When I wanted to bring out the charitable Christmas giver in myself, I turned to Let Them Know It's Christmas by every 80s celebrity singer in the whole world gullible enough to believe the money generated from the song would go towards feeding the hungry in Africa. 

When my Christmas was becoming too artificially cheerful, and I needed something to make it a little more haunting, I turned to Johnny Cash's "The Christmas Spirit," (which, though I'm arguably the biggest Cash fan in the world, made me wonder if it was recorded on Halloween), or that wonderfully creepy duet arrangement of "Little Drummer Boy" performed by Bing Crosby and David Bowie. 

I can't imagine a world without Christmas, though I tried to, for the sake of the song, "A World Without Christmas."  And just as I  can't imagine a world without Christmas, or a world without Christ, I can't imagine a Christmas without music.  Let me be clear: Jesus is the reason for the season, and nothing can outshine the wonderful message of a baby savior born to save us from our sins and to give us an eternal, abundant life.  But God and His heavenly hosts set this truism in motion on the very first Christmas night: Music makes the world of Christmas go round.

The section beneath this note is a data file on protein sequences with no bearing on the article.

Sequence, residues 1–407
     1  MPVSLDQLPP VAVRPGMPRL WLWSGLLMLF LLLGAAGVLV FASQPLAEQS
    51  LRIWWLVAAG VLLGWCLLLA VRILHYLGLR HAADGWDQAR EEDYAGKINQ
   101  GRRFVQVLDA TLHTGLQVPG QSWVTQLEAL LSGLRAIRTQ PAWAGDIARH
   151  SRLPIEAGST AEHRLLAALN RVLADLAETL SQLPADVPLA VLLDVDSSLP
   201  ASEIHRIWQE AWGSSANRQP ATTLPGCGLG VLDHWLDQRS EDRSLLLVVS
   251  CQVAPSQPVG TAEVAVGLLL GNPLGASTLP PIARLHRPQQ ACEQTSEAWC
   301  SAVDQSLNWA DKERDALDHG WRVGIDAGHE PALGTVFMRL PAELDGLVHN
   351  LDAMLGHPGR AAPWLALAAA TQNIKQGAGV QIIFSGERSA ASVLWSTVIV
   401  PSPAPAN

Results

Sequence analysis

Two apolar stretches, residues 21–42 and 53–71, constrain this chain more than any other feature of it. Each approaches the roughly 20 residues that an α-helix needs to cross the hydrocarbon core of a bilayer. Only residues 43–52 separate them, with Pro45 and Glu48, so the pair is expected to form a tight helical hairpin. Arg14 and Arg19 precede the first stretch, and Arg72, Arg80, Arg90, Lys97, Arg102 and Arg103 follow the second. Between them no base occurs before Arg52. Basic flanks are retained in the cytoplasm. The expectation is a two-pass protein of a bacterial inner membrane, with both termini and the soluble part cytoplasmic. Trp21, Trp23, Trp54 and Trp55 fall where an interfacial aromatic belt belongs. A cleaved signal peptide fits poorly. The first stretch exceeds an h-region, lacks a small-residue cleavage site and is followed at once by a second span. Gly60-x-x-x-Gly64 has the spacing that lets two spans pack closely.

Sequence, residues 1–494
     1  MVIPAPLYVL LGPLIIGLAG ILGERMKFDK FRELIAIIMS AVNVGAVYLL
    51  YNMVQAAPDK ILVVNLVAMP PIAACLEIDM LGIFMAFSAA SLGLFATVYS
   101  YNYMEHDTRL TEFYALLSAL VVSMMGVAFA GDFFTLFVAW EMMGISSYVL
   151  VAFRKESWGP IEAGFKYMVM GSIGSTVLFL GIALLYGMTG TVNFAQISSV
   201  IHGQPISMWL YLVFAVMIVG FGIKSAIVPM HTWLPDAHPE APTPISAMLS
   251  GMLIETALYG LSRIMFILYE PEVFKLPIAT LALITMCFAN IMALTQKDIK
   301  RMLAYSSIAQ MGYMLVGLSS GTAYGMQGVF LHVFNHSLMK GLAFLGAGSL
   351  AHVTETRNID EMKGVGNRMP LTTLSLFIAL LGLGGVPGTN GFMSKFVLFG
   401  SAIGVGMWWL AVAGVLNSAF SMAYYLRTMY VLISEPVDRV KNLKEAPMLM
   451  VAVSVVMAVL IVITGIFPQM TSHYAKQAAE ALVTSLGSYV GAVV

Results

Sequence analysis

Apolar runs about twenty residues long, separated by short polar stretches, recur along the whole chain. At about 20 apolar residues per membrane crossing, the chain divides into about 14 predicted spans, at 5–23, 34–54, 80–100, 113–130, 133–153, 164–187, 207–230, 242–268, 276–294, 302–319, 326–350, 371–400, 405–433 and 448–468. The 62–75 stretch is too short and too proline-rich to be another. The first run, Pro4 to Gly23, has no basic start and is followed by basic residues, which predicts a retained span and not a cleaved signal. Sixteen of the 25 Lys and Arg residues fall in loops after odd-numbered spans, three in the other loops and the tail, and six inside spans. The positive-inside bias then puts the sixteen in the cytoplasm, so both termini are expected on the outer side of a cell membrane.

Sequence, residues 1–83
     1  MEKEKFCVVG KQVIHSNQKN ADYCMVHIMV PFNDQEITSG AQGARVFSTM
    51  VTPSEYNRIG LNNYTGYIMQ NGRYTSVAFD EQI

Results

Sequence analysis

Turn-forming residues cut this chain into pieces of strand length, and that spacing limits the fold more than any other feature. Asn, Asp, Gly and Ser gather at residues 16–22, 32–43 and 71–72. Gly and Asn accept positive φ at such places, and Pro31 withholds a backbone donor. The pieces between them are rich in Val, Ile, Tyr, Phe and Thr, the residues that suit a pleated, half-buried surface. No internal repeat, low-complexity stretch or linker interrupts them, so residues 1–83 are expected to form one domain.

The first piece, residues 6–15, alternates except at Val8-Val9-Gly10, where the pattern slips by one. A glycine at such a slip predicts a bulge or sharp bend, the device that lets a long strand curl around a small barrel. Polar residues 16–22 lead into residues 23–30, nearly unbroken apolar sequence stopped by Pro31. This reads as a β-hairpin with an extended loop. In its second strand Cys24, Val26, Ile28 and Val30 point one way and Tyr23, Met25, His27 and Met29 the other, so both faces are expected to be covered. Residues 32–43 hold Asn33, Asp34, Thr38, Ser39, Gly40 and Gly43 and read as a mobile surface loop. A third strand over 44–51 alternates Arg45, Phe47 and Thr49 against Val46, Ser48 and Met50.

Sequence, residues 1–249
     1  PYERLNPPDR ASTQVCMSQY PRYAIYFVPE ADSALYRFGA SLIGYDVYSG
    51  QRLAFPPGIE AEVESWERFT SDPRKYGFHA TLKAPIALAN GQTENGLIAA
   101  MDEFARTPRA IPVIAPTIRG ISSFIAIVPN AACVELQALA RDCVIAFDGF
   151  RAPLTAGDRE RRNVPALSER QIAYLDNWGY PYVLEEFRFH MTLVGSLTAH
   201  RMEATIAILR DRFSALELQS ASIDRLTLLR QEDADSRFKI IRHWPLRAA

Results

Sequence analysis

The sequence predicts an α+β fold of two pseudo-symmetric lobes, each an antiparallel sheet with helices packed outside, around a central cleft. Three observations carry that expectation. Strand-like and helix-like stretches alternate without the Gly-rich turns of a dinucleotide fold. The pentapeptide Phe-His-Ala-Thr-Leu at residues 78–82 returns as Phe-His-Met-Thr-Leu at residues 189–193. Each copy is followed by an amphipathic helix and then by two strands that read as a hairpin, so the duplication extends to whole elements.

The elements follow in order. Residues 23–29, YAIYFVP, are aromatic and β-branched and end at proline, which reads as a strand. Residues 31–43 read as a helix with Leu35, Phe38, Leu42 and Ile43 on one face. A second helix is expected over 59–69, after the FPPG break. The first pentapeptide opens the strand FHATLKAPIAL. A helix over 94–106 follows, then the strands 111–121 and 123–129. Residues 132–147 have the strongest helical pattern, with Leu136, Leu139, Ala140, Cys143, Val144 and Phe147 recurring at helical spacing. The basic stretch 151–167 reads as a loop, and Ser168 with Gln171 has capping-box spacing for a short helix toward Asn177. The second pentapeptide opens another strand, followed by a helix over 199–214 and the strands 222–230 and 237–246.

****Help yourself to a few more free mp3 Christmas songs from Dr. BLT's, aka Santa Shrink's stocking stuffer song bag: 

Waiting for Wings (A Christmas Tribute to Jimmy Stewart) 
A Duet performed by Dr. BLT and Andrae Champeaux 
Words and music by Dr. BLT (c)2005

Heaven's Favorite Angel 
Words and music by Dr. BLT (c)1994, 2005 

God Rest Ye Merry Gentlemen 
Performed by Dr. BLT 

We Three Kings/The Wandering Travelers Medley 
Wandering Travelers: words and music by Dr. BLT (c) 2005

What Land is This?: 
performed by Monique
New words to this old Christmas Classic by Dr. BLT ©2005 

Oh Come, Oh Come Immanuel